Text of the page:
In all Mahindra now corners 10 percent of the domestic market, after languishing for many years. Image: Courtesy Mahindra
Mahindra has quietly built up India’s most valuable electric vehicle company.
On August 4, the country’s fourth largest carmaker announced that Singapore-based sovereign fund Temasek has invested $145 million (Rs 1,200 crore) in Mahindra Electric Automobile Limited, the four-wheeler passenger electric vehicles company of the automaker. The deal values the arm, set up in October 2022, at a staggering $9.8 billion.
Rival Tata Motors’ electric vehicle division is valued at $9.1 billion, after it raised $1 billion from TPG Rise Climate in 2021, while Mahindra had last year raised $250 million from British International Investments (BII) at a valuation of as much as $9.1 billion.
Temasek will now invest Rs 1,200 crore in compulsorily convertible preference shares giving it between 1.49 percent to 2.97 percent stake in the company. TPG had picked up between 11 percent and 15 percent stake in Tata’s electric vehicle division in 2021. “Globally known for their strong governance, Temasek’s investment is a step forward, as we execute our strategy towards future leadership in electric SUVs,” Anish Shah, the CEO of Mahindra said in a statement.
Interestingly, the announcement comes amidst rumours that Mahindra is set to announce an electric variant of its wildly popular SUV, the Thar, later this month. In the three years since its launch, the Thar has been instrumental in reviving the automaker’s fortunes and has sold over 100,000 units. The company’s recently-launched rear wheel drive version of the Thar has a waiting period of over 17 months, something similar for its flagship models including Scorpio and XUV 700.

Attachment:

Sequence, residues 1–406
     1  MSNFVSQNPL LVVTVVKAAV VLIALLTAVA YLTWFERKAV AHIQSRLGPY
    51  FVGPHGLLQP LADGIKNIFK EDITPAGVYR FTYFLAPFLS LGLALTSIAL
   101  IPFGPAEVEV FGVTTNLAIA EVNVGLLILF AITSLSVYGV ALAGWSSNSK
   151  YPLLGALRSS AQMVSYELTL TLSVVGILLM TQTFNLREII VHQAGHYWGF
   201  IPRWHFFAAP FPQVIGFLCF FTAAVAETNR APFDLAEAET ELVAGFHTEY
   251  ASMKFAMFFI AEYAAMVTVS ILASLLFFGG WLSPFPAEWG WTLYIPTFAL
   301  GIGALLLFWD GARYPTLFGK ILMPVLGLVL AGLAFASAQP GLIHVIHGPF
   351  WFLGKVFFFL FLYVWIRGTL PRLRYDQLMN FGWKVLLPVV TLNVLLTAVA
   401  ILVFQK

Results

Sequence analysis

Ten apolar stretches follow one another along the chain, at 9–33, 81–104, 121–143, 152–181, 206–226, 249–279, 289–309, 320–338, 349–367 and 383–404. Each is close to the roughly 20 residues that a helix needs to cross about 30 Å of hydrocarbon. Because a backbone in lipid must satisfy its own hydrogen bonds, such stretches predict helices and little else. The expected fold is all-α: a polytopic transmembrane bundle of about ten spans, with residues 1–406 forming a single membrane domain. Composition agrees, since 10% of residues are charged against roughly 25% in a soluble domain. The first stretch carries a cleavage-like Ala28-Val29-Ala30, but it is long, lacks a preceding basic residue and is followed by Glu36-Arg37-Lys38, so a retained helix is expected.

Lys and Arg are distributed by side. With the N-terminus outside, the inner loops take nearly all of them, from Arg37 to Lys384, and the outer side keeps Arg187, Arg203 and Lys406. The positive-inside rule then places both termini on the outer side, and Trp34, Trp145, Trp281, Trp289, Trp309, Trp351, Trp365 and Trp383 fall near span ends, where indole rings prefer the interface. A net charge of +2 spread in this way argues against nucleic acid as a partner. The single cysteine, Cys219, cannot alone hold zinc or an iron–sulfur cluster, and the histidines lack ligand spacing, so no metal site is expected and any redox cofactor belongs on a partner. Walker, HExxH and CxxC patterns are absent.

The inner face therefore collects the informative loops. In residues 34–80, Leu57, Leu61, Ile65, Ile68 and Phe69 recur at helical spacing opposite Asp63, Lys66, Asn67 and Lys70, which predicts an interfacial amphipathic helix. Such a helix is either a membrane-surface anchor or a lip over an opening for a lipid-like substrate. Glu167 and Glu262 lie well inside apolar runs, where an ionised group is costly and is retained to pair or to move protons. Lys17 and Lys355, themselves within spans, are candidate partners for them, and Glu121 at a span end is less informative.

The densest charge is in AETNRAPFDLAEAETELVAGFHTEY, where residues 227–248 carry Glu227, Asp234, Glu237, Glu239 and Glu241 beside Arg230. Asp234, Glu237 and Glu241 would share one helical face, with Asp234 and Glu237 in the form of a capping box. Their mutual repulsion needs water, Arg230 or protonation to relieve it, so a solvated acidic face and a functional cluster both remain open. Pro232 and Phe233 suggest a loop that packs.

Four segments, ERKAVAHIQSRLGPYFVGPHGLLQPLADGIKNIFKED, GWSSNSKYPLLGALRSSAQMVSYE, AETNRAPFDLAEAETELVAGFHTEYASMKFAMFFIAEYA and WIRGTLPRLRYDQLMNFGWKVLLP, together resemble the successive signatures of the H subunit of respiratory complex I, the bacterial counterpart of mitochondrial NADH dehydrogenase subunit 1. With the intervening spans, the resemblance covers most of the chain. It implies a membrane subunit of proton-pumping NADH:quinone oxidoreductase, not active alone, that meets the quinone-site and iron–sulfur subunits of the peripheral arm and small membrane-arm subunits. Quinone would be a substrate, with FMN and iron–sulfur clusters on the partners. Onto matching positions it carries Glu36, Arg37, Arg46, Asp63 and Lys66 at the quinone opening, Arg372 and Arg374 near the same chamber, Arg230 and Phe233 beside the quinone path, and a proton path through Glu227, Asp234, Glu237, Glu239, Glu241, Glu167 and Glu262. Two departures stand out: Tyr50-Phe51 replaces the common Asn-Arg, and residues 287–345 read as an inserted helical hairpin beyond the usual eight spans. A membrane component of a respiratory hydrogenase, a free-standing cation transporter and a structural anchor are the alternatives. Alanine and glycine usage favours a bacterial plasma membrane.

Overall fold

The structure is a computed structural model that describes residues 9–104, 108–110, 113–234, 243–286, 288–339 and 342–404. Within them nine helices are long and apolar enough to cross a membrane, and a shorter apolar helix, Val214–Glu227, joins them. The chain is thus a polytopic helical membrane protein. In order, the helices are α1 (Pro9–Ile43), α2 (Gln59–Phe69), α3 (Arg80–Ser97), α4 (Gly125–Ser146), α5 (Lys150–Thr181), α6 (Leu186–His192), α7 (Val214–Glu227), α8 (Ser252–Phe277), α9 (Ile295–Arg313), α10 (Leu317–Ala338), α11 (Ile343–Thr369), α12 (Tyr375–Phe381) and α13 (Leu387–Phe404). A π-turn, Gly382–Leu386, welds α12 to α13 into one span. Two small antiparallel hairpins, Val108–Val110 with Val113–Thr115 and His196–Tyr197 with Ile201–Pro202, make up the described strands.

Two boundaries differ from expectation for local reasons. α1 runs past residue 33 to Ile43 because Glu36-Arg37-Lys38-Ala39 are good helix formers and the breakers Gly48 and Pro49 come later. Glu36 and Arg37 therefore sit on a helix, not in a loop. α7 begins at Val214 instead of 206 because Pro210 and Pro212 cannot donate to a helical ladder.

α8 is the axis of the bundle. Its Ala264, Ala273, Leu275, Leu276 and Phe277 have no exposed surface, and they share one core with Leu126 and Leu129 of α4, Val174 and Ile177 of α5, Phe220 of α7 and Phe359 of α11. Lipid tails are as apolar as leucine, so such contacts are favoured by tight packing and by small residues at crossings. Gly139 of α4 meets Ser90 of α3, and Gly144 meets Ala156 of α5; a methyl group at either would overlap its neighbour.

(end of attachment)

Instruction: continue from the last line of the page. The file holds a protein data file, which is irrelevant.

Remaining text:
In all Mahindra now corners 10 percent of the domestic market, after languishing for many years. Its rediscovered portfolio, with a focus on offering what the company calls true blood SUVs, has been instrumental in the turnaround with models such as Scorpio, Thar, XUV 700 and Bolero. Later this month, apart from the Thar electric variant, Mahindra is also reportedly planning to launch a pickup truck based on the Scorpio and a next generation tractor platform.
“By picking on our capability and competence, we want to attract consumers who are looking at multiple other segments,” Rajesh Jejurikar, the executive director and CEO, Auto & Farm Sectors, Mahindra & Mahindra had told Forbes India earlier. “You can be a specialised position brand and still get volumes. To win in the SUV battle, you don’t have to make a product that’s similar to what somebody else is making. Because that’s what works for them. We must focus on our strengths. And that’s exactly the tweaking that we’ve done.” Also read: The Tata Group has built an electric vehicle universe. Can it help its global ambitions?
Yet, in the electric vehicle segment, it hasn’t been an easy journey so far. Currently, Mahindra’s only electric vehicle is the XUV400, with a claimed maximum driving range of 456 km, and which sells less than 1,000 units a month. The vehicle was launched in January this year. Rival Tata Motors has had a head start and is currently selling more than 6,200 units a month with its portfolio comprising the Nexon, Tiago and Tigor.